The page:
When I took in the exhibit, it immediately brought to mind the recent news coverage and societal focus on Native/Indigenous schools established by religious organizations and government-sanctioned throughout North America and the grim discoveries of mass graves of children forced to leave home, give up their culture, be tortured and abused. Their family members’ pleas about their missing children left unanswered for generations. I was moved to tears.
Dead Flags, 2011 by Ivan Grubanov. The flags are from the old communist party of what was Yugoslavia. When I saw the flags lay torn, tattered and bloodied on marbles steps, I instantly compared this to the killing of Emperor Julius Caesar by Roman senators on the steps of the Senate. The desire for a government elected by the people taking down an autocracy.
every day words disappear. Michael Hardt on the politics of love, 2016 by Johan Grimonprez. The film intersperses an interview with Michael Hardt, political philosopher, reflecting on Machiavelli’s stance in The Prince that it is better to be feared than loved, and the Jean-Luc Godard’s dystopian film Alphaville, where all words and concepts around love and affection have been banned. It asks the questions: “What would it mean to base a political system on love, rather than fear? How can we transform a society that is increasingly defined by a permanent state of war and cultivated by an industry of fear? How can we realize the paradigm shift necessary to move away from a reality that depends on the exploitation of people and cult of privatizing public resources?”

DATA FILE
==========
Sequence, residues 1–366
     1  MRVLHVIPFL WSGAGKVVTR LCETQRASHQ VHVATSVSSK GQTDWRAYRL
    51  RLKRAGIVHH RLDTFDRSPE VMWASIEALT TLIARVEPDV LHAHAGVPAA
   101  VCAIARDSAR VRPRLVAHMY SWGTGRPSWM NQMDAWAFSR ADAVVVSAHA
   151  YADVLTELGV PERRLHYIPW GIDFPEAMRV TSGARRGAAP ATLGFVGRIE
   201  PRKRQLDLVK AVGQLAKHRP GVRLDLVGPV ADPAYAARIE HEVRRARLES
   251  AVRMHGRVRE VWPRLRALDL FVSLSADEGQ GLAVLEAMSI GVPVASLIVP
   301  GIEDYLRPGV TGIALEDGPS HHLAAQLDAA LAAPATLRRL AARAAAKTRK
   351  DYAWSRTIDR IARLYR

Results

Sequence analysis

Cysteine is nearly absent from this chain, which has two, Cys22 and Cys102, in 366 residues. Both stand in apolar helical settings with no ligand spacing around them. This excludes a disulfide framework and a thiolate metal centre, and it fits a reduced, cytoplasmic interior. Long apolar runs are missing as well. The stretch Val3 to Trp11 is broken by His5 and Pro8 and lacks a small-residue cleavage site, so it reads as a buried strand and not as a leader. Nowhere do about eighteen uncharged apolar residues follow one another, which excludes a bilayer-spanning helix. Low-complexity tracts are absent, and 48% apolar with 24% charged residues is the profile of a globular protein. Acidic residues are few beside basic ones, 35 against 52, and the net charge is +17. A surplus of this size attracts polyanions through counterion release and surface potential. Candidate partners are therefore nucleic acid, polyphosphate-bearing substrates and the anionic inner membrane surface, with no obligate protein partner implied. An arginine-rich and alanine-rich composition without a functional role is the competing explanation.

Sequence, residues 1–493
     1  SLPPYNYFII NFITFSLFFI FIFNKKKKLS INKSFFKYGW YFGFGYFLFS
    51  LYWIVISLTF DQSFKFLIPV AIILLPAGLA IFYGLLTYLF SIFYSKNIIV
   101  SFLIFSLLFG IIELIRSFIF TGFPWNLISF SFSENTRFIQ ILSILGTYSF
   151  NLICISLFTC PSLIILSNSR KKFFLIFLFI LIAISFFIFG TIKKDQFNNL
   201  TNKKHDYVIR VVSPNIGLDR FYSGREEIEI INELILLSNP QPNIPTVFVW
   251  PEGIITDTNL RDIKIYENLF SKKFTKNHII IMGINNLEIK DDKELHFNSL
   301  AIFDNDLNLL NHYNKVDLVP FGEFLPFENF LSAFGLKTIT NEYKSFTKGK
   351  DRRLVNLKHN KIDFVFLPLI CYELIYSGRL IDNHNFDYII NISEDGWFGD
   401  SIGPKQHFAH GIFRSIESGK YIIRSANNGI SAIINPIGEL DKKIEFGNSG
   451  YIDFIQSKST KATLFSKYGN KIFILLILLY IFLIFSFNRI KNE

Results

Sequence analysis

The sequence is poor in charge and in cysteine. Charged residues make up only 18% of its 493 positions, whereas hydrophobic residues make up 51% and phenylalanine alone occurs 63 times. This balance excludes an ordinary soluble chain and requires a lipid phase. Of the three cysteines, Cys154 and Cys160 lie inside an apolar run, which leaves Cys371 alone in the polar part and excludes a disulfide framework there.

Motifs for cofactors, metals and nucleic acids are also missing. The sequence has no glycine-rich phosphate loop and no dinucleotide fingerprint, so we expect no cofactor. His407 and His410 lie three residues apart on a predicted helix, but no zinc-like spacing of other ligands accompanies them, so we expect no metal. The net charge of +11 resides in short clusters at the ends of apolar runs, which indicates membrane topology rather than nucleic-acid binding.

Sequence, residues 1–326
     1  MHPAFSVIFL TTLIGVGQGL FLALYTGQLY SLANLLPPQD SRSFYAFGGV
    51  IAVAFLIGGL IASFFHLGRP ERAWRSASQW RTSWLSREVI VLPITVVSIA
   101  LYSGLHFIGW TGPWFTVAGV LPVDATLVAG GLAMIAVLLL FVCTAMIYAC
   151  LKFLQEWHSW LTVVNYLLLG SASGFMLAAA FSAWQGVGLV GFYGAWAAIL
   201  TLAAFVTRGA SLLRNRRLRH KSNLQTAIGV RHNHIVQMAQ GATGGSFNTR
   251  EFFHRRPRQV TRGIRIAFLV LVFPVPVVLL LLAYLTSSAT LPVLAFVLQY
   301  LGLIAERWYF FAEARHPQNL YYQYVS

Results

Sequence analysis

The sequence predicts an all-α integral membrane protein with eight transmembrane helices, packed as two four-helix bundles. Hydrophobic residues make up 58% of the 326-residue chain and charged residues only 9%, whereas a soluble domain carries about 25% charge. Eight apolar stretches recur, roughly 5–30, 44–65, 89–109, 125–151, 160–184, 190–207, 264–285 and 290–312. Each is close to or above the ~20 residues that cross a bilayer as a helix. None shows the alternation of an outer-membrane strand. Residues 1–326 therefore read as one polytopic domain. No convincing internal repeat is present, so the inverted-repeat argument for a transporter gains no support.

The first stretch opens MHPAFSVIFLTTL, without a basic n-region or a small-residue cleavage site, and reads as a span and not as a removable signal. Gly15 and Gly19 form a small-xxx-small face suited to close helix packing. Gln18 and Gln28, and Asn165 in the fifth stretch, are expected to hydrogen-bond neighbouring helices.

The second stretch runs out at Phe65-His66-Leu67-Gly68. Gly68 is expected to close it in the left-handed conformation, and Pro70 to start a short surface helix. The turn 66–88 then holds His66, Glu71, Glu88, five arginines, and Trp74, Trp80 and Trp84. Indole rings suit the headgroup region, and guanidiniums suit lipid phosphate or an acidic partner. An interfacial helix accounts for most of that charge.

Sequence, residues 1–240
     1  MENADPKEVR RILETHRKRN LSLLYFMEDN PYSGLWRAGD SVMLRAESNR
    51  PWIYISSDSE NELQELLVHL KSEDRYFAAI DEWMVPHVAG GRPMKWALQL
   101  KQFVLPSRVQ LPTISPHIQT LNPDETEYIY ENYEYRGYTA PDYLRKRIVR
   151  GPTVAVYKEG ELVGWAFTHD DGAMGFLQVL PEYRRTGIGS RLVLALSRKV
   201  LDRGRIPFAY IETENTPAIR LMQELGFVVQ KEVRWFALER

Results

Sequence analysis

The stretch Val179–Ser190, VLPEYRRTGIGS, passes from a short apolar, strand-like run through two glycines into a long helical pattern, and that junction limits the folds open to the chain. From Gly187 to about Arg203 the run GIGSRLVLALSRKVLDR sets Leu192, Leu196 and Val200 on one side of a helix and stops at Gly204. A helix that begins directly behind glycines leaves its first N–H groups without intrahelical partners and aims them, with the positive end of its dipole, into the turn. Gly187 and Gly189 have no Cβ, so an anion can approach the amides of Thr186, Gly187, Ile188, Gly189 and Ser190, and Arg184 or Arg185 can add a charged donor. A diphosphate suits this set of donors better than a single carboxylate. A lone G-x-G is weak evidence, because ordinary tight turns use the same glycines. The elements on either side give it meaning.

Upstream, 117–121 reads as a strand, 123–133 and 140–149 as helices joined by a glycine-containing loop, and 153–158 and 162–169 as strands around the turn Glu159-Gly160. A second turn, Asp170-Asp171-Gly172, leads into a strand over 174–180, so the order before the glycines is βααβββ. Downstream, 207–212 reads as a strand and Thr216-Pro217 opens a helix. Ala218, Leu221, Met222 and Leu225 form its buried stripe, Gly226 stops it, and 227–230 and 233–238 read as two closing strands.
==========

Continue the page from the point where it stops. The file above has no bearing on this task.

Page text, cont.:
My immediate reactions were: a) I need to see Alphaville and b) I need to re-watch this video and I hope it is available online. My subsequent reactions were more that this should be required viewing in high school civics classes and political science introductory classes. Lastly, it reminded me of a moment a few days ago, while driving between Meteora and Mt Olympus. John Lennon’s Imagine came on the radio, and all three vehicle occupants – Thessaloniki resident, an 18 year old Moroccan-Israeli student/soldier and myself – quietly sang along. Later on, these three musketeers would sit down along with a Russian family, and two other Greek family members to eat dinner around a small table.
Other pieces included coverage, contextualization and contemporary evaluation of the Greek protests in the late 1940s, terrorism by 17 November over the last 70 yeras, Italy’s PM Berlusconi’s meeting with Libya’s General Gaddafi in 2004, a halcyon-tinged reflection on the Greek-Syrian trading lines in the early 1970s.
But the power of the exhibit is not only in the audios and visuals, but in the larger geographical context. Thessaloniki, and Greece in general, has been in a near constant state of turmoil since its founding ~3000 years ago. City-state wars, millennia of conquests, civil war, multiple failed rebellions, successful revolutions and coups, economic collapses and centuries of safeguarding refugees.
In a country whose modern identity and economy relies on its preservation of ancient history, it is important to remember that the present is history.